“What is the best way to create change? Is it violent revolution or gradual reform? The answer… show them an alternate way to live.”

    I butchered the quote (I am sure), but the reality is I have been struggling with many of these issues for 6 months to a year. But nobody could point to a single example of “church” that didn’t look like church, just repackaged. Hipper, cooler, simpler… but still 4 songs, communion, offering, sermon, go home.

    Recently I got the chance to get a glimpse of the possibilities that “church” could be. Just a glimpse mind you, and I am still sorting out the “mess” this has created in my life, but I have seen an alternative way to live. One that involves a more complete following of Christ and without the “religious” baggage that is “church”.

    My biggest struggle right now is finding better words to use since all of my “church” words are so overused and misused that they are meaningless.

    My concern with Barna’s book (I have not read it), is all the hype in the “church” world seems to be how do we fix things so this isn’t the case. Barna says that fewer and fewer people are going to connect with the institutional church (my understanding is these numbers are already something around 50-60% in US and 5-10% in UK and Australia). The impression I get is the church blaming society for its ineffectiveness.

    Someone earlier (sorry for not remembering who or where but this is a longish thread) mentioned the need for the church to be visible… At different points in history, the church HAD to be invisible, and yet it flourished. God’s power and the truth of the gospel is not limited to the visibility of a building, the recognition of an institution, or the credibility of a particular leader. The first and second century church did not lack leadership, power, authority, or influence, but I do not think I would refer to it as an institution. And at times, it was under persecution and had to fly beneath the radar, and still it changed lives.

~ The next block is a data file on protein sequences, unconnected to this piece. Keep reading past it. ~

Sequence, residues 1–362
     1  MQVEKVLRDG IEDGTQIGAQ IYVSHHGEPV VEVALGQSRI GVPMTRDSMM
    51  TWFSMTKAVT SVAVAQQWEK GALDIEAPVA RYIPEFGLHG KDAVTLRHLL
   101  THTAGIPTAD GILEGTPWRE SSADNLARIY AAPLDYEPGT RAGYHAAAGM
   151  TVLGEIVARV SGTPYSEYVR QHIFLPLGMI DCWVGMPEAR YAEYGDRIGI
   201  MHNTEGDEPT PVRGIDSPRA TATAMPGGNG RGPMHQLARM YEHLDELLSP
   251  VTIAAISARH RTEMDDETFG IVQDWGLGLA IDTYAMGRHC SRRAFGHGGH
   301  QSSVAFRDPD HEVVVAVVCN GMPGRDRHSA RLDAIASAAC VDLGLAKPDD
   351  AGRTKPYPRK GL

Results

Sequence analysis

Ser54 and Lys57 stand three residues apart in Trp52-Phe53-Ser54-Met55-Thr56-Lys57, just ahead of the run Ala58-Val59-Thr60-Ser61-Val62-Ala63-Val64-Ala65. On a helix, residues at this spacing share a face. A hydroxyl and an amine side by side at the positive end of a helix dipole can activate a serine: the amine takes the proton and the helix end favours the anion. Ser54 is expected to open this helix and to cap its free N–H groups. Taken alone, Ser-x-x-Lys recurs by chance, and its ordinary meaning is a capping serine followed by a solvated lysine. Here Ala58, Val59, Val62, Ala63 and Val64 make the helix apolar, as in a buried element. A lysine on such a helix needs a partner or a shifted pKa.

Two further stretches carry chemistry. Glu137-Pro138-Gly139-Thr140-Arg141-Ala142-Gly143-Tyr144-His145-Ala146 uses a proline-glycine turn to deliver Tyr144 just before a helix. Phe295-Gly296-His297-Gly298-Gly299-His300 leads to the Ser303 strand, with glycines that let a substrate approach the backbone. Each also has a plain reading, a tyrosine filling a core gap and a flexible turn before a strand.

I am with Alex, wondering how new technologies are going to connect us in ways that will further redefine our terms. Can I fake my identity online and not submit to authentic discipleship and discipline? Yes. Can I do that in a F2F scenario in a “real” church? Yes. And in our consumer culture (at least in the US), I can just pack up and head to “another church” if I don’t like what you are preaching.

    With the internet, time and space are literally irrelevant. I have connected with people online who live near me and who live thousands of miles away. I have a tighter connection with some of them than with people who attend my church (and I was on staff until this week and it is a small church).

    In the overly cliched sense that creates sensationalism that drives book sales, we really are in the midst of a revolution. The reality is, though, that the world is simply changing, and instead of trying to adapt the old model, or even jump onto somebody else’s new model, we need to evaluate the truth of the original model and do our best to follow Christ and His teachings.